Congratulations! The product may have shipped, but the work sure isn't over yet.
Try using those on a touch screen.
I've already managed to accidentally close IE tabs instead of switching to them precisely because of this, it's a bit of UI I really don't like. I'd have gone for a more Semantic Zoom type approach, maybe arranging the pages like the old Quick Tabs functionality from IE8.
Your working under the premise that an app centric world is the preferred. That premise is flawed. People want to get to their data as quick as they can and don't give a rat's arse if that's by opening the data from a menu from the shell or from within the application itself so long as it's the fastest. Of course you'll always prefer the apologist's position.
App-centric seems to be working rather well. It's been embraced by every smartphone, tablet etc ever since Apple proved it made life easier. Of course you think anyone who doesn't agree with you thinks there is something that needs apologising for.
With what -- only 2000 apps in the store? Maybe? Are you sure you want to go there? Looks like Citrix has a release out. I bet that's going have some pain points just like remote desktop. Can't wait for the others...
I didn't say it had to be a store app. Could be anything.
Come to think of it I have an app that would suck as a Windows Store app because of this very issue. It's an app that displays real-time weights from multiple scale heads. It's a WPF app that uses WCF with WSDualHttpBinding for communications providing both the real-time weight values from the scales and a control interface for the scales.
Having an app that's not written in a way that's connectionless isn't the same thing as an app that can't be.
It's sad to see you make up lame excuse after lame excuse for Microsoft. You really think a full blown Windows Pro tablet is going to be so much more optimized than the Build tablet that it will meet or exceed the iPad or an Android tablet on startup times? From sleep even? Dude, put down the crack pipe. It's not helping you.
I think Windows SoC devices (whether ARM or Intel) will be a lot more comparable to other SoC devices than traditional old-school PCs. I think the UEFI systems will startup faster than BIOS-based machines. And from sleep? Do you honestly think even current PC's have trouble resuming from sleep?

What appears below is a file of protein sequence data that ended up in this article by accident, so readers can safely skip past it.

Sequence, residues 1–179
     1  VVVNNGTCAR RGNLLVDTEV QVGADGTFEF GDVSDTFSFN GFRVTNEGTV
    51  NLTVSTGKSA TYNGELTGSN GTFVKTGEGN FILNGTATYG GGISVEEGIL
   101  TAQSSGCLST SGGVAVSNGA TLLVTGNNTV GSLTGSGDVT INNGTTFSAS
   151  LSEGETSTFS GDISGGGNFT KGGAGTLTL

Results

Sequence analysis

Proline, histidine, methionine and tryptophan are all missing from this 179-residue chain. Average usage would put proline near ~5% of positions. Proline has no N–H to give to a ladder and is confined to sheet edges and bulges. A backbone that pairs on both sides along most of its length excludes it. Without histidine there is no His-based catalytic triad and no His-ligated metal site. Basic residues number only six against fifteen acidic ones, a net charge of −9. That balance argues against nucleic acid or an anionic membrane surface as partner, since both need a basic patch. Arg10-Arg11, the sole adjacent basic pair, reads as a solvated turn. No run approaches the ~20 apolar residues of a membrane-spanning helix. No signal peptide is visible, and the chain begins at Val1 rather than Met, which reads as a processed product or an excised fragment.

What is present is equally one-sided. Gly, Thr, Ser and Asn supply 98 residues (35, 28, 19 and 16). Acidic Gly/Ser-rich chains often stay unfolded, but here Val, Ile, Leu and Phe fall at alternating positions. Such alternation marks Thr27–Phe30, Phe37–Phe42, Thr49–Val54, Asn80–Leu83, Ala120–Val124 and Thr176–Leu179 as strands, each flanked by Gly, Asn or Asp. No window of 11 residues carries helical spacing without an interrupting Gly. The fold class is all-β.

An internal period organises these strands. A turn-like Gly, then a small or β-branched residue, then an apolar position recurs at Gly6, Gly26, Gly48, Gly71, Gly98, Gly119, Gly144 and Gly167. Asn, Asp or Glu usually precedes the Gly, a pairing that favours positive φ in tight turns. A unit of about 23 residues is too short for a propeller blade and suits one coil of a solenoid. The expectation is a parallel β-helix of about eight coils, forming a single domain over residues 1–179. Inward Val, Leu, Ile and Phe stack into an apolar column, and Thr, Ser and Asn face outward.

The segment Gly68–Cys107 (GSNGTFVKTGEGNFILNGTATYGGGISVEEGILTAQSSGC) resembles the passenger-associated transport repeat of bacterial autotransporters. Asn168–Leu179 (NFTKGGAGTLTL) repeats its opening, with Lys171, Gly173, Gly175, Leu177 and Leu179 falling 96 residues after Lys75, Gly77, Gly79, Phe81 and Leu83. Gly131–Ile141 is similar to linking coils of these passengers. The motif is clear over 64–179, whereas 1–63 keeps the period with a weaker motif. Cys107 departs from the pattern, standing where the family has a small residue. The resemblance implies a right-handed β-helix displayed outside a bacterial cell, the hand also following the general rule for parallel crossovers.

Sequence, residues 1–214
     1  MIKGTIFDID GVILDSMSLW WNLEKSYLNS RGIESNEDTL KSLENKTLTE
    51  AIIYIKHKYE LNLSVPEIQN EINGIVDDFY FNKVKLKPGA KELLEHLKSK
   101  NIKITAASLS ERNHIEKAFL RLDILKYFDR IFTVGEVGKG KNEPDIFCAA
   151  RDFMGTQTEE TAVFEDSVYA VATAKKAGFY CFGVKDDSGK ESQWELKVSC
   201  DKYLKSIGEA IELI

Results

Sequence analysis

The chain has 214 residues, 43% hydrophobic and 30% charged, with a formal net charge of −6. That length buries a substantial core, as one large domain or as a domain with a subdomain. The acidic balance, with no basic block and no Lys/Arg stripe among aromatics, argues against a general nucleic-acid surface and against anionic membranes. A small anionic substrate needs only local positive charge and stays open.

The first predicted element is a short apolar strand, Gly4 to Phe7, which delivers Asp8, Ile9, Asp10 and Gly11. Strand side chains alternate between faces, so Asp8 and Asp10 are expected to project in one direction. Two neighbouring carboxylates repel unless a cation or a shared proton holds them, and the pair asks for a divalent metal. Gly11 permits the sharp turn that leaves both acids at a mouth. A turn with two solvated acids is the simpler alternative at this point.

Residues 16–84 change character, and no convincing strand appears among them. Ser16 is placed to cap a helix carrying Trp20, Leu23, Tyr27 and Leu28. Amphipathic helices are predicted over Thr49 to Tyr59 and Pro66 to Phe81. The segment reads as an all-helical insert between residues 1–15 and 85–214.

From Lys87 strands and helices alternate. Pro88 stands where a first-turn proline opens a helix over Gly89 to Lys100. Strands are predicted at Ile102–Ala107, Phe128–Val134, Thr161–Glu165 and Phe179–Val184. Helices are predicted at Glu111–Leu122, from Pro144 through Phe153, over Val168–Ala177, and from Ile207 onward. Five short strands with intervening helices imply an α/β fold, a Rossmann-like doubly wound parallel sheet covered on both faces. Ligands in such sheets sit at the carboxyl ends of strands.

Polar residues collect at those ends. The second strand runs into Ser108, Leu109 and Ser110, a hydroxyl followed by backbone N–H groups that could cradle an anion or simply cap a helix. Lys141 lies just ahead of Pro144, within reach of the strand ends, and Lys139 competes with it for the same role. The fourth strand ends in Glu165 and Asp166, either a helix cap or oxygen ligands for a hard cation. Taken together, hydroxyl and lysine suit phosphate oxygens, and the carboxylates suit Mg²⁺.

Do you honestly think the BUILD tablet was even nearly representative of the hardware that will be launched alongside Windows 8?
"W8 grade hardware". Sounds like you're calling Sinofsky a liar considering he said we'd have 450 million customer available to us as launch day -- you know those upgrading from "W7 grade hardware."
I think you should go listen to what Sinofsky actually said at BUILD. Or, you know, keep making stuff up that fits your argument better.
Hey I hear Apple is looking for a new PR guy for their mapping app. I think you'd be perfect for it. You can use me as a reference; you'll get nothing but high marks from me.
Nah, they need someone who lives in his own little world, ignores what most people want from computers and will endlessly shift arguments every time it becomes obvious what he says makes no sense.
I'll pop your reference in the post, then.
If the concern is that the "x" may be easily (not confusedly) selected then they could hide the "x" until the mouse hovers over the tile. Oh but that would go against the great Sinofsky who once said "Write for touch, F the mouse & keyboard". I think that's what he said anyway.
Yes, that is the concern. And the absolute most ridiculous way to try and prevent it is to have that button be hidden until you mouse over where it is, because then you're almost certainly going to have the situation where someone moves the pointer over what looks like the switch target and has already clicked the button before realising the magic close button has suddenly appeared beneath their cursor and they've just quit the application they wanted to use.
Of course you could alleviate that problem by having the user explicitly right click with the mouse to make the close option appear...
Um no... It's providing a quick route to a file I had recently created.
In what sense is that not file centric? And it still ignores the way Jump Lists are implemented, which is fundamentally around providing launch parameters to apps.
I'd think that any type of terminal app would fall into the same category as remote desktop. That would also go for any admin tool that monitors and reports health of web sites, server, etc. Oh here it comes...I can feel it: those kind of apps are holding it wrong.
So that's a definitive "No." to the question, can you name anything other than a Remote Desktop (or equivalent) application then?
And yes I'm ignoring admin tools that monitor sites, because most of the widely used ones in existence (such as the excellent Nagios), are already implemented as web pages and so clearly capable of operating in an entirely connectionless fashion.
Also I'll just ignore the delay it takes for me to power up my W8 tablet from sleep and get to the app I want vs. doing the same on an Android or iPad too.